Reality TV World: Do you feel you struggled in the game of Survivorthough, with the work around camp, the elements, the social game? Or do you feel your tribe underestimated you, and if you did something right, they'd treat it like a one-time thing and just forget about it?
Alecia Holden: Yeah, like the first episode, I was portrayed in a completely false light. I pulled my weight around camp, I did help, and you know, I got edited like I was just in the corner drinking water. But that definitely wasn't the case.
I did a lot more around camp than Scot and Jason did, and you know, Scot said he didn't want anyone on the tribe that was weak. Well, without water and without food, we're weak. And giving up on the fire and sleeping all day isn't helping us get through those elements that we need to survive.
Reality TV World: When you refused to have Tribal Council right on the beach after you lost the Immunity Challenge, did you refuse to do it only for the sake of your pride and not wanting to quit, or did you think there was actually a chance you could scramble and change someone's mind about the vote?
Alecia Holden: When we got back to camp, I tried to persuade Cydney to write one of the guy's names down, but I knew she wouldn't. So I went into the woods for several hours searching for an immunity idol just thinking maybe there would be a twist and I could find another one. But I wasn't successful in finding another idol, but if you're going to come into this game just to quit, then why playSurvivor?
Reality TV World: Right, I wanted to dive into what viewers didn't see after the Immunity Challenge, because the episode brought us right to Tribal Council. So it sounds like you fought for your position. Did more drama and arguments unfold?
Alecia Holden: I went looking for an idol and then I tried talking to Cydney to get one of the guys out to flush the idol and, you know, see if she would align with me, but it was pretty much a done deal by then. Everyone had turned on me, so I was in pretty deep water going back to camp. Getting back from the Immunity Challenge, [Scot] and I still fought with each other. The Brawn tribe was never a happy tribe.
Reality TV World: After the Immunity Challenge, your tribe clearly wanted to vote you out immediately. Do you think their desire to vote you out immediately extended even earlier in time -- like maybe there was a possibility they threw the Immunity Challenge to ensure your ouster?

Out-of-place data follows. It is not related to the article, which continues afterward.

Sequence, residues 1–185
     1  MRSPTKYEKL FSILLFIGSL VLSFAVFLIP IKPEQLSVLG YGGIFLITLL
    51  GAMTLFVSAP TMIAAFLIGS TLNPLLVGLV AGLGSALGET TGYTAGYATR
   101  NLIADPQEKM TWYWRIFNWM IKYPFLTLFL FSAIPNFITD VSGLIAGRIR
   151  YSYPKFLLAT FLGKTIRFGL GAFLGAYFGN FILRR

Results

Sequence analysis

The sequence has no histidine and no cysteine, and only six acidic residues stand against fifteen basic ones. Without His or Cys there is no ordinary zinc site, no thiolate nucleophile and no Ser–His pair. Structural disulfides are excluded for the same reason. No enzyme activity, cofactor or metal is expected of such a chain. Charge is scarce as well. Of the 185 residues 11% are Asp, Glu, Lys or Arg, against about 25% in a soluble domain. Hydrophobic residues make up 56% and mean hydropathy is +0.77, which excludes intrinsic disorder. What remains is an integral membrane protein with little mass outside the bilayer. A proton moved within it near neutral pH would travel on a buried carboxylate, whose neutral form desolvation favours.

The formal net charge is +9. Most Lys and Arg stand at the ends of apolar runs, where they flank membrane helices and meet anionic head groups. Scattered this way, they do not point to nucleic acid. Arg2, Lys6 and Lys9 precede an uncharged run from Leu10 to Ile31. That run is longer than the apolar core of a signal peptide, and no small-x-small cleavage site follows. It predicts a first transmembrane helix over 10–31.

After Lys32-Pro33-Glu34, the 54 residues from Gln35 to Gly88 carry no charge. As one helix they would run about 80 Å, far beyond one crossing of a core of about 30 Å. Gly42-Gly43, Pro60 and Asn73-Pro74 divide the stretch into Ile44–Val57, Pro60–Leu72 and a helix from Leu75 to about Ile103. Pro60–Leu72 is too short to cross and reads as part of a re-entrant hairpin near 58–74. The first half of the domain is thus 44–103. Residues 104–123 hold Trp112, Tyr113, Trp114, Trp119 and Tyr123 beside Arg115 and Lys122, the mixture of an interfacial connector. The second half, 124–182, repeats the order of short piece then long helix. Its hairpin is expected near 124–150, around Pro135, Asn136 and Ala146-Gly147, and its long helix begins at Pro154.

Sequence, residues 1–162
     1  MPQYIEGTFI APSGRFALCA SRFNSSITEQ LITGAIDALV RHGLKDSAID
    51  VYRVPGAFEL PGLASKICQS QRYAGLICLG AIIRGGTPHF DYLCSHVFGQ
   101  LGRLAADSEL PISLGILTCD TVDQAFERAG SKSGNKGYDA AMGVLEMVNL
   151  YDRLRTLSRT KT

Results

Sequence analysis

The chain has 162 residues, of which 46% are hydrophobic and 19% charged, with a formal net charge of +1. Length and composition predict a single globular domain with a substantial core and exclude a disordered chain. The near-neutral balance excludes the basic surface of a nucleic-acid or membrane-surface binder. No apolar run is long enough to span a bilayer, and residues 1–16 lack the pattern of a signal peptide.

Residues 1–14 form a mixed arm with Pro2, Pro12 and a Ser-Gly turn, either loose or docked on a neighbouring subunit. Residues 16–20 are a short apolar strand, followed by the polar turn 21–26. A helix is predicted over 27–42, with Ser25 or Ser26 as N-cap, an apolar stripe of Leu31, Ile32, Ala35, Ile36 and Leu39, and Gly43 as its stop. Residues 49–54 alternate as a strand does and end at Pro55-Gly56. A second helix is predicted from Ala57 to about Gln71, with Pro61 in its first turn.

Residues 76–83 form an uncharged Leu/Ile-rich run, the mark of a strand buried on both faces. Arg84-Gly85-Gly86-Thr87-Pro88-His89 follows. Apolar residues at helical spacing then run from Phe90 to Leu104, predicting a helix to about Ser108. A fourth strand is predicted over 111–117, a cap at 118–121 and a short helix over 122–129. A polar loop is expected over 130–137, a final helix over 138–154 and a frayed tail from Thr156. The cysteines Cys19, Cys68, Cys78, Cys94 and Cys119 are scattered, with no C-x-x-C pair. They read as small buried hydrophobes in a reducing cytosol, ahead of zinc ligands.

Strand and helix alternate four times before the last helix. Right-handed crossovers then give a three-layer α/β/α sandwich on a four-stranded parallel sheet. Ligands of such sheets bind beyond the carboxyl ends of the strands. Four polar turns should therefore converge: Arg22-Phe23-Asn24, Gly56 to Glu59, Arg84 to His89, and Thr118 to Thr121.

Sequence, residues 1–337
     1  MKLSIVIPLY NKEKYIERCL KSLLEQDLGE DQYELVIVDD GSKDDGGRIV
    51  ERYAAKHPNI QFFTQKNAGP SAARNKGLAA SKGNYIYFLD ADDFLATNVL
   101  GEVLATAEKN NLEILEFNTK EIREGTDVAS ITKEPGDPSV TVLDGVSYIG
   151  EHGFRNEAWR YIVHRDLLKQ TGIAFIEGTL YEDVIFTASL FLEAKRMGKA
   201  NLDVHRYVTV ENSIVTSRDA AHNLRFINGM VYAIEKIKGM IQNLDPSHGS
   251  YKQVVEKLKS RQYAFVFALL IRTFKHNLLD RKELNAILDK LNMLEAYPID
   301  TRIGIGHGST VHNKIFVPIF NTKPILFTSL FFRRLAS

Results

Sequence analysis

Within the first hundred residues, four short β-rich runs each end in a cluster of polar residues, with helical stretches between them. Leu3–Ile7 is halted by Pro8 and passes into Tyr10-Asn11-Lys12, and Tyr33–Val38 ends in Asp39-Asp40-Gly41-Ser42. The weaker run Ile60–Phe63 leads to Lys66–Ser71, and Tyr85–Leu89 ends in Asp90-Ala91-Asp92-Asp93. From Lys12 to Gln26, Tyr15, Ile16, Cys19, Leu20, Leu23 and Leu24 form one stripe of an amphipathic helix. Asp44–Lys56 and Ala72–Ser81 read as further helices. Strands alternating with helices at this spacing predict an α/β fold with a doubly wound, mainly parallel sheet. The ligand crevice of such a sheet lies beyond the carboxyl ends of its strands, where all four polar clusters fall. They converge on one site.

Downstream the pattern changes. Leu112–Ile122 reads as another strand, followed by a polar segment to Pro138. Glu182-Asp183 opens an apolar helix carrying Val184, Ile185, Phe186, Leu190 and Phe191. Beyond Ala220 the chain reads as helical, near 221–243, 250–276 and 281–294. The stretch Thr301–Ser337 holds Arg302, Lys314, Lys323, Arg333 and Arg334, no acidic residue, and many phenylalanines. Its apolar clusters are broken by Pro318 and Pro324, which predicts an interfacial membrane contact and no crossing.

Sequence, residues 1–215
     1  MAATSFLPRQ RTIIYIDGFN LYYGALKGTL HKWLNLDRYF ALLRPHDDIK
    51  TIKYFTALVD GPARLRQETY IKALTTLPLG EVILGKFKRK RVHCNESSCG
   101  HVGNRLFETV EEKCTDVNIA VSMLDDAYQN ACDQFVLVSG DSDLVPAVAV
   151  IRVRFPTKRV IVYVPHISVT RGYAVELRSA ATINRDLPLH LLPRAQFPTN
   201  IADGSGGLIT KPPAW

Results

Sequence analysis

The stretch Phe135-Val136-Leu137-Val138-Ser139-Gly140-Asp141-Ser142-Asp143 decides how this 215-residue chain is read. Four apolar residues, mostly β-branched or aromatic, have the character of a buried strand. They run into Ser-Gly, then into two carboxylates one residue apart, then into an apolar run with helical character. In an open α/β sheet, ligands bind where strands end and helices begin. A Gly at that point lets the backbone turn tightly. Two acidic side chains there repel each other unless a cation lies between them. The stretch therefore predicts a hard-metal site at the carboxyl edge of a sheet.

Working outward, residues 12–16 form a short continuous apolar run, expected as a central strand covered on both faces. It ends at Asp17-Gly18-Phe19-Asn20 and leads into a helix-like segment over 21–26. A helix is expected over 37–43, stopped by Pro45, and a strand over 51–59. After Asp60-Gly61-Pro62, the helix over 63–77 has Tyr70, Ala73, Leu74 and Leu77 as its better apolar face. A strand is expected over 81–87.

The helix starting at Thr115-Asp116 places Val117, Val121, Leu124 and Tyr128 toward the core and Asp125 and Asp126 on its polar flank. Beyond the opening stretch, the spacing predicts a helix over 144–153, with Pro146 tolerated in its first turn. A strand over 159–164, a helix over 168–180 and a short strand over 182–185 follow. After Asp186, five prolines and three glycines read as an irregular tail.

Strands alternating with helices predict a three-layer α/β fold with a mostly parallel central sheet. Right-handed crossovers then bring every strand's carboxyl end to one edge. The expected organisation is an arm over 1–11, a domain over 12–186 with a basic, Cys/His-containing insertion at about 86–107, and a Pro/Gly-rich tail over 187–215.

Alecia Holden: Well, what wasn't shown is when me and Cydney were on the puzzle, I look at Scot and Jason and I said, "Switch!" And they sat there and smiled and laughed at me, and [Jeff Probst] even said, "Alecia's getting no love from the Brawn tribe!" I looked at them and said, "Switch me out! See if you can figure it out."
And they refused to switch, going back to the issue of Scot not playing as a team. They wouldn't switch me out. And at that point, I thought, "I might not be a physical threat, but a social threat, and they know that if the swap does happen tomorrow," -- which it was -- "then I was going to tell people [Jason] had an idol and it would put a target on his back."
So I do think they didn't want to help me with the puzzle because they did want to throw it and they did want to go to Tribal to send me home.
Reality TV World: That makes a lot of sense. Do you think it was unfair to you that Jeff ran with Jason's suggestion of doing Tribal immediately after the challenge? It put pressure on you to be the sole person to prevent it, and because you didn't go along with it, it gave your tribe another reason to be mad at you and become even more resentful and frustrated.
Alecia Holden: Not at all. I didn't mind Jeff saying that at all. It was an idea thrown out there and I think my tribe wanted me to leave right then and there, but like I said, I went into the game from Day 1 not quitting and I'm not going to leave a quitter.
Check back with Reality TV World soon for more from our exclusive Survivor interview with Alecia. Also, click here to begin reading our separate interview with Caleb Reynolds.